When it came to defending alleged mobsters, lawyer Oscar Goodman used to pursue every trick in his briefcase to keep clients from a jail cell.
Now, as mayor of Las Vegas, he is vowing to do everything he can to put certain people behind bars - specifically, anyone who tries to haul nuclear waste through his city. Mr. Goodman says he will "personally arrest" anyone who ships plutonium through the streets of Las Vegas.
His threat is part of the latest gambit by Nevada officials to keep the state from being used as a nuclear-waste dump for the rest of the nation.
With the decision last week by President Bush to endorse Yucca Mountain, a remote area 95 miles northwest of here, as the nation's official high-level nuclear-waste dump, Nevada is turning up the volume of protest. The state is especially trumpeting what it thinks is one of its most persuasive arguments: that transporting radioactive material across the country is loaded with significant safety risks.
Not only would Nevada residents be vulnerable to a spill, state officials say, but also an untold number of other Americans, since more than 100 cities with populations of at least 100,000 are located along the proposed transportation routes in 43 states.
Of course, the actual degree of danger - like so many other aspects of Yucca - is a matter of dispute. The site was first selected by Congress in 1987 because of the mountain's hard volcanic nature and its dry, remote location. Concerns have been raised about seismic activity and possible contamination of nearby ground-water supplies, but the Department of Energy (DOE) has concluded - after at least $4 billion in studies - that Yucca would be sufficiently safe.
Now, Nevada officials, along with environmentalists and even casino executives, hope to gain momentum in a post-Sept. 11 world of safety jitters. They liken the waste's transport on public roads and rails to a ticking time bomb.
One thing, however, is certain: It's still a long, hard road to opening a national nuclear-waste dump. True, Mr. Bush's action was a major step forward in the process, and a major blow to Nevada. But many steps remain, including congressional approval and the Nuclear Regulatory Commission's issuance of a license to build the repository. The federal government's own timetable puts the opening a decade away, and stiff opposition from Nevada officials - including Goodman, Gov. Kenny Guinn (R), and the state's entire congressional delegation - could prolong the process further.
"They were supposed to start shipments in 1998," says Robert Loux, executive director of the Nevada Nuclear Projects Agency. "We've been successful in keeping it out."
During the US Conference of Mayors last month in Washington, Goodman filed a complaint on behalf of Las Vegas and Clark County with the Circuit Court of Appeals there, asking it to intervene on grounds that federal law has been ignored in the approval of Yucca Mountain. The state of Nevada has also filed several lawsuits.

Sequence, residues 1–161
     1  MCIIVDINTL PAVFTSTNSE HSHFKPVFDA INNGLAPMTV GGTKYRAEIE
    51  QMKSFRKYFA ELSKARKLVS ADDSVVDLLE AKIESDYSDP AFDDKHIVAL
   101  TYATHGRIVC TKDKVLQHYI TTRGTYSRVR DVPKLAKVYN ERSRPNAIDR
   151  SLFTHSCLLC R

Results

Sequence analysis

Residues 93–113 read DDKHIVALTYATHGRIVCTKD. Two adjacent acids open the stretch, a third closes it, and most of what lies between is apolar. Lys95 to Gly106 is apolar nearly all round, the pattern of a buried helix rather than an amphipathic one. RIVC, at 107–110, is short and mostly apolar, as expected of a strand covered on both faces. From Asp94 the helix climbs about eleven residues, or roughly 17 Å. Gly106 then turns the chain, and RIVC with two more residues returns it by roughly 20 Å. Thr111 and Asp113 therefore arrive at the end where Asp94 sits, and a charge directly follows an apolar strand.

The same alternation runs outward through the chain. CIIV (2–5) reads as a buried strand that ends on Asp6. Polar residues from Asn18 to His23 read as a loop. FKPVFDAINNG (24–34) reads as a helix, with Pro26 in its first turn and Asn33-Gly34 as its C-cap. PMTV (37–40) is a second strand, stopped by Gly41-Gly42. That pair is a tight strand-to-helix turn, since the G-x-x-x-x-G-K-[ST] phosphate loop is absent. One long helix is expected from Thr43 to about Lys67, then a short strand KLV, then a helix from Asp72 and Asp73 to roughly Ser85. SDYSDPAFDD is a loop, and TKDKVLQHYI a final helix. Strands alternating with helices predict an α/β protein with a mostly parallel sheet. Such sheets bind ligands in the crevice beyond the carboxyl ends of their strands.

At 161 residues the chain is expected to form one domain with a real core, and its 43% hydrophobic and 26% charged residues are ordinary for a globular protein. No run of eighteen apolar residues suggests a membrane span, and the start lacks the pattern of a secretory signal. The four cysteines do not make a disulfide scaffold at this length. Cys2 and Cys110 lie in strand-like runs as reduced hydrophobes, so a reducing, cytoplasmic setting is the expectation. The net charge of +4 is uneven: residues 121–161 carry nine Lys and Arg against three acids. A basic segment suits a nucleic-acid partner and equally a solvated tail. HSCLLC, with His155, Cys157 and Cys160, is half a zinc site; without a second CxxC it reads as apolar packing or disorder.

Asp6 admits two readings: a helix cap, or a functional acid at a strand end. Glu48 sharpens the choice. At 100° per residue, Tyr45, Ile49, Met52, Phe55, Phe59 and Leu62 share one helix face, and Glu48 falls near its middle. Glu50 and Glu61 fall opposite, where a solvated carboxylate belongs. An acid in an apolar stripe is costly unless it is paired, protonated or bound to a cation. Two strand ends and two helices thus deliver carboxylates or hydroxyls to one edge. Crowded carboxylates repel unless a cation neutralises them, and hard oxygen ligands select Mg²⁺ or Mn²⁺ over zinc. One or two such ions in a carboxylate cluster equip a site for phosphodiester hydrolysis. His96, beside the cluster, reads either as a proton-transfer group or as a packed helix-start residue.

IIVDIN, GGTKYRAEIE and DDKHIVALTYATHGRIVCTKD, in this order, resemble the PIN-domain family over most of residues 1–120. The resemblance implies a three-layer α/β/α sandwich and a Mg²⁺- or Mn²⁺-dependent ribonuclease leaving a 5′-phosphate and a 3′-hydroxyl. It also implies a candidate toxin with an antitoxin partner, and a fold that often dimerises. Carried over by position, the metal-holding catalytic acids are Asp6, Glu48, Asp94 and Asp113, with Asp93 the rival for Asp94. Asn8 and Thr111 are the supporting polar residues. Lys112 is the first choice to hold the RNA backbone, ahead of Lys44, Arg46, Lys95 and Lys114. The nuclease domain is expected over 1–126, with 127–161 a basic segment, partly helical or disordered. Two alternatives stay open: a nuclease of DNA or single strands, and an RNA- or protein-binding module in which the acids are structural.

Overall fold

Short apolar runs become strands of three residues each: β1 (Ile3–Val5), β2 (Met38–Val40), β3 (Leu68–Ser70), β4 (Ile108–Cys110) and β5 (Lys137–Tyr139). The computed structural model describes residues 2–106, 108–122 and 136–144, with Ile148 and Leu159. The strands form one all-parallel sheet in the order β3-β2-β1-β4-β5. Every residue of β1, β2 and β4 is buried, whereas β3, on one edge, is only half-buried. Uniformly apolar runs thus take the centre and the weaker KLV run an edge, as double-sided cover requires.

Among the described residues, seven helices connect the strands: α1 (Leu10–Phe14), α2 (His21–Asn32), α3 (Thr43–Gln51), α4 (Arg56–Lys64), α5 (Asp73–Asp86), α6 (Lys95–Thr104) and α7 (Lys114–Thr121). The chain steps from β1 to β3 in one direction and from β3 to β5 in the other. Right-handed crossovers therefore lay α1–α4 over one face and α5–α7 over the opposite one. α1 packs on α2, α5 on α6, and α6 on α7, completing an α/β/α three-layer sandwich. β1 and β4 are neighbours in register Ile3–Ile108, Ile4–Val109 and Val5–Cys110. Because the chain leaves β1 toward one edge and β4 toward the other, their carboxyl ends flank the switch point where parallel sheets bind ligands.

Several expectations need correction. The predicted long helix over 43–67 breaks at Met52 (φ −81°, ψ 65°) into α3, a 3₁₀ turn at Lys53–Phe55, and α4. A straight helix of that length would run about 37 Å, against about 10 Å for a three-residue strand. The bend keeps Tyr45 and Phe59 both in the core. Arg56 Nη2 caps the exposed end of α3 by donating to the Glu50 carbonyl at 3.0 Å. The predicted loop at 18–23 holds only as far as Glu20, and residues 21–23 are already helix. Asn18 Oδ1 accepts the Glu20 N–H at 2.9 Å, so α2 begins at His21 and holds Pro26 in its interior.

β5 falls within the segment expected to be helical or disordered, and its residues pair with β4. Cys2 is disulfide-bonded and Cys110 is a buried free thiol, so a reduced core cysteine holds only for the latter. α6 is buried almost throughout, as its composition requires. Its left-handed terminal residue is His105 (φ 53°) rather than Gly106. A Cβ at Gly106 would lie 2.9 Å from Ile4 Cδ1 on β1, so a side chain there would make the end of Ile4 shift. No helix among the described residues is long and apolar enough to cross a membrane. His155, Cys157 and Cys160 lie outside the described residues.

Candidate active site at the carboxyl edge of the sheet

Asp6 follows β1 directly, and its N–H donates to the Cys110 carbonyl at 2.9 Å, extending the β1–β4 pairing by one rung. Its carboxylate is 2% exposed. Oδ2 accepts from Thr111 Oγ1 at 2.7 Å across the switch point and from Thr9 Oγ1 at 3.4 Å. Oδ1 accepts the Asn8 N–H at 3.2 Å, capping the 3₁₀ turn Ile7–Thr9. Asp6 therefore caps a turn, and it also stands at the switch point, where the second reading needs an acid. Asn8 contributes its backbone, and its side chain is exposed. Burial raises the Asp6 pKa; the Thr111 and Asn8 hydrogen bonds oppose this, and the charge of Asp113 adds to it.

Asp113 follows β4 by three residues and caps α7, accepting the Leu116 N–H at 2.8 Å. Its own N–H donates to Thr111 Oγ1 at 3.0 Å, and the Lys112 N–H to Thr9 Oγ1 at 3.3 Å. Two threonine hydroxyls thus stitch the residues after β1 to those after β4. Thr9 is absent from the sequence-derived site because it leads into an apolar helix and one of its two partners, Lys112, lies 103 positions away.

Also at the mayors' conference, Goodman solicited support from leaders. "Americans need to be aware of the vulnerability of their communities as a moving target traverses their neighborhoods," Goodman says.
Yet Nevada officials face an uphill battle in making such concerns predominant - and for having Congress see things their way. Leaders in other states, it turns out, are much more worried about what could happen if the waste stays put. "Some mayors have this in their backyards, and they want to get rid of it," says Erik Pappa, an aide to Goodman.
The DOE proposal calls for the shipment of 77,000 tons of high-level nuclear waste from more than 100 power plants and defense sites to Yucca. The waste - a solid, ceramic-like material - is to be enclosed in metal tubes and shipped in what are called dry casks, which are made of concrete and steel and weigh several hundred thousand pounds each.
According to the DOE, the shipping containers will travel under strict physical security requirements. Pro-Yucca officials say tests conducted at Sandia National Laboratories in New Mexico prove the casks can survive high-impact crashes, free falls, fires, punctures, and water submersions.
The DOE, as well as the nuclear industry, points out that since 1962, no radioactive releases have occurred as a result of transportation accidents. But the amount of waste shipped to a repository like Yucca in just the first year of operations would exceed the total amount of low-level radioactive waste shipped in the United States in the past 30 years, according to a Nevada study.
Another report, by the Nevada Department of Transportation, found that safety assessments from the 1970s and '80s by the DOE and Nuclear Regulatory Commission have not taken into consideration a post-Sept. 11 world. "[T]he potential risks associated with terrorism or sabotage" has been underestimated, the study says.
But others cite careful safety preparations. "I've seen the test films," says Richard Hughes, a radiation physicist who has consulted for the federal government as well as the private sector. "They've literally crashed trucks into walls for the sole purpose of causing damage. It's inconceivable to me how any radioactive material could be dispersed."
That's little comfort for Nevadans. A poll conducted last month for the Las Vegas Review-Journal found that 83 percent oppose the Yucca project - although 68 percent think it's inevitable.
Indeed, some experts question the usefulness of anti-Yucca efforts such as Goodman's lawsuit. Richard Epstein, a law professor at the University of Chicago, notes that it will be up to the mayor to prove something is wrong with the DOE's safety tests.
"The court will say, 'Prove to us that there is a safer [transportation] route,' " says Mr. Epstein. "The burden is on the attacker, in this case, the mayor. No matter what you do with nuclear waste, it's a risk."